NPR and Spirituality

As I was driving around our fair city, I was listening to my favorite radio station: WUNC, our public radio affiliate. NPR is currently featuring a series of pieces called, “This I believe.” It is sort of a post-modern reprise of Edward R. Murrow’s 1950s feature by the same name. Each radio essay expresses some facet of that peculiar constellation of beliefs by which we navigate our way through this life.

I was struck by an essay I hear today. In it, the author attempted to communicate to her young daughter what happens to us after death. The precipitating event in this instance was the death of their pet cat. The mother’s explanation startled me.

In some ways, her view was one of supreme Romanticism. She explains, “After a weighty pause I tell my daughter that Martin (the cat) is out in the field. I tell her that when animals, including people, die, they are usually put into the ground and that their bodies become the grasses, flowers and trees. I pass my hand over Maia’s blonde curls, gently touch a rosy cheek and check her reaction. She appears untroubled. She seems thrilled by the thought of one day becoming a flower.”

Of course, in some highly literal ways she is right. Our corporeal bodies will decompose and form the nourishment to fuel the growth of other organisms. What is interesting is the stark absence of any reference to something beyond the body. In one sentance we move from our bodies becoming trees to the child’s conclusion that she will one day become a flower. Notice that this was never actually stated, but the implication is that the very essence of our personhood is somehow inseparable from our corporeal body. Or, in the alternative, it might be said that our soul might find ways to attach itself to things other than our flesh (i.e., we become flowers).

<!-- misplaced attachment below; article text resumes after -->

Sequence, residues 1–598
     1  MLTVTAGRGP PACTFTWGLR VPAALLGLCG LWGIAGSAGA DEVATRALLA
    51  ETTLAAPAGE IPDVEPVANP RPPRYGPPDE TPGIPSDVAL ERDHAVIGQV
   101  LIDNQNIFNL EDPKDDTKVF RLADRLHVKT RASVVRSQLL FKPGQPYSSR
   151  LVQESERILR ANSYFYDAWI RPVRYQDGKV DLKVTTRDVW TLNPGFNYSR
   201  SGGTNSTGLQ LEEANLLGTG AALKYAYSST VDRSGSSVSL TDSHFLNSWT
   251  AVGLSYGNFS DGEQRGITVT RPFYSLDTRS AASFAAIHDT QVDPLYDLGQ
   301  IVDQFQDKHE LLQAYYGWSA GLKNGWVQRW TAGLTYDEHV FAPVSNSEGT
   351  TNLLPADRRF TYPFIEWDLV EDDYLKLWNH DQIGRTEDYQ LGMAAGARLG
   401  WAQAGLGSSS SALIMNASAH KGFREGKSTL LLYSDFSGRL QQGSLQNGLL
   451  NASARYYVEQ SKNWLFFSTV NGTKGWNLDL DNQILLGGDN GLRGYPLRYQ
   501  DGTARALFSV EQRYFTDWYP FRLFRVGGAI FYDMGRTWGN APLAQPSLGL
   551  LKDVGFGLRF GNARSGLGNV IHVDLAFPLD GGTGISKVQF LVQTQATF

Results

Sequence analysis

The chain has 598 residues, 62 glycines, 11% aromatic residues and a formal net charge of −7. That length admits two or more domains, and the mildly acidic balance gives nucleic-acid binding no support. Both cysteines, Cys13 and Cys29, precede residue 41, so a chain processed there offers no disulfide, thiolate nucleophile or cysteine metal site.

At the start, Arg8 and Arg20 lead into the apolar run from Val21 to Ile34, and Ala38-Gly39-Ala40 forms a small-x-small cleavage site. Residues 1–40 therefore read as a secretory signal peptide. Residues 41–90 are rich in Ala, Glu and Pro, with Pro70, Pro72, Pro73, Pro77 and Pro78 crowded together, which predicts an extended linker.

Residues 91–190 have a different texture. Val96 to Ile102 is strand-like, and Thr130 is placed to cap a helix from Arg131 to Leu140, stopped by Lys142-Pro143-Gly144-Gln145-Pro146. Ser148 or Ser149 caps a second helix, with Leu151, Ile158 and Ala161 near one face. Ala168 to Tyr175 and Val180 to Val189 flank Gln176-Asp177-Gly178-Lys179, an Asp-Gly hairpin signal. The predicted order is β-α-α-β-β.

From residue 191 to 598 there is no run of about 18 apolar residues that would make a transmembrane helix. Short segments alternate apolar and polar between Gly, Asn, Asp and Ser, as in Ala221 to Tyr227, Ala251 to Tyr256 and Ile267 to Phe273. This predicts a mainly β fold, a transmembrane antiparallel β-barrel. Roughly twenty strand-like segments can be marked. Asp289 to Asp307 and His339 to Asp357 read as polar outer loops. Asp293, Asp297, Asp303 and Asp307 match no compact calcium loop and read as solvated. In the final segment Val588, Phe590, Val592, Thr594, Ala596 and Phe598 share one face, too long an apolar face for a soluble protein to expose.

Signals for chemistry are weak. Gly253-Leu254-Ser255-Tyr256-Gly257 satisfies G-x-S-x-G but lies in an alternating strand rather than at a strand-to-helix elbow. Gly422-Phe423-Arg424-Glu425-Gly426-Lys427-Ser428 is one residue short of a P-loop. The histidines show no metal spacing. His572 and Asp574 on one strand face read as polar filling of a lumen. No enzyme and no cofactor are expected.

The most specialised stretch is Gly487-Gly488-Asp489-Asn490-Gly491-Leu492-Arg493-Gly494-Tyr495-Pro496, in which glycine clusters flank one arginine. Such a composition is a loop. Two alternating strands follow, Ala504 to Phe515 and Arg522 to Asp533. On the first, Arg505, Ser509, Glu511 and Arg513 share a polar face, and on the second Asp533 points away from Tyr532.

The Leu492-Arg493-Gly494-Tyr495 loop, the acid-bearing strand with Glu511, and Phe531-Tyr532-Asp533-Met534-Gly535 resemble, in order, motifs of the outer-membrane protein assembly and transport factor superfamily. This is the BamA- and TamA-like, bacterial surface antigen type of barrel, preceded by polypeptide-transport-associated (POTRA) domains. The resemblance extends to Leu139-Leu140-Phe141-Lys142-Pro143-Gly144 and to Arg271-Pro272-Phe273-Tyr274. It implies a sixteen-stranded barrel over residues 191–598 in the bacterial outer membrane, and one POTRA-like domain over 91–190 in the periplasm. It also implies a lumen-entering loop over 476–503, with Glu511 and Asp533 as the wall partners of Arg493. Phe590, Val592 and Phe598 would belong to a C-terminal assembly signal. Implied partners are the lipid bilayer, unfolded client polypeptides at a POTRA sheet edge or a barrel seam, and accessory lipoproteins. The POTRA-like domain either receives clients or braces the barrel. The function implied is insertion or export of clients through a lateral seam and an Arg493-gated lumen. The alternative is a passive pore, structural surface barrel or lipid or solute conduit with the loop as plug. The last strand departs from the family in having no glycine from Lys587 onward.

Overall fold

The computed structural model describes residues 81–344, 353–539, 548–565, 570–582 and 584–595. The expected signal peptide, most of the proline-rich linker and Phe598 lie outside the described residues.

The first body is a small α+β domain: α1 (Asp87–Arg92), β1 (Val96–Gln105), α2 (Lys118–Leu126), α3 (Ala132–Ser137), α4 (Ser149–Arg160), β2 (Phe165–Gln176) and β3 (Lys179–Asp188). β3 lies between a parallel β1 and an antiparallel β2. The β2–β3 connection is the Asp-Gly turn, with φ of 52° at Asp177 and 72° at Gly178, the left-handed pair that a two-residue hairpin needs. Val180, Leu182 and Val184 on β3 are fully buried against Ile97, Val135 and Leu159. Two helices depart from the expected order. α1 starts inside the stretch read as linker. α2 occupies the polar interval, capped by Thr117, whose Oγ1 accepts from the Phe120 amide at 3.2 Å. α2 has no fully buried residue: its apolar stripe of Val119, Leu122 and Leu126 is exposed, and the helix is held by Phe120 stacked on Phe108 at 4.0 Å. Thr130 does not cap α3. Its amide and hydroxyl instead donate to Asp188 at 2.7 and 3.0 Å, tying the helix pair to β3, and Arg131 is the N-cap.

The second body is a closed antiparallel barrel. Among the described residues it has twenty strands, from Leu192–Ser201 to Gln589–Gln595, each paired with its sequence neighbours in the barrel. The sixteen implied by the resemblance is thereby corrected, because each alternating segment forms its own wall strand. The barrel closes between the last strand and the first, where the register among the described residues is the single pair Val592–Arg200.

The author makes this point when she concludes, “I am not the lonely human, plunked down on earth to aimlessly wander. I am a part of that earth and not going anywhere — just like the spider up in the corner, the dust on the sill and the cat I buried in the backyard. I watch Maia mull things over while she munches her Cheerios. I feel an unfamiliar calm. I feel connected. I am humbled and, what’s more, happy. Life, death: both are all around me, within my every breath.”

What an incredibly pagan and Romantic view of our life after death. One might be tempted to ask: what death? For in death it seems we slip from these bodies of perishable flesh into the ethereal beauty of a flower straining toward the sun and living of proximity to many other flowers all forming an orchestra of post-human ecstasy. Untrapped. Free.

That this is not the Christian understanding of the nature of the soul, the body, or the relation of one to the other goes without saying. However, if this essay is read as indicative of the broader culture we do well to realize the direction in which our thoughts are shifting.

I believe that the long alienation of mankind from the earth, is drawing many people to a pre-Christian spirituality that emphasises our connection with the natural order. This is, of course, the result of decades of wrong-thinking by Christians who have bought into the thought patterns and practices of the industrial revolution. What is needed is a strong pre-evangelism like that found in the works of C.S. Lewis who is admirably able to capture the ways in which we homo sapiens(ironic name, don’t you think?) are deeply connected with the cosmos in that we have been named guardians and stewards of it, keeping it trust for its Creator.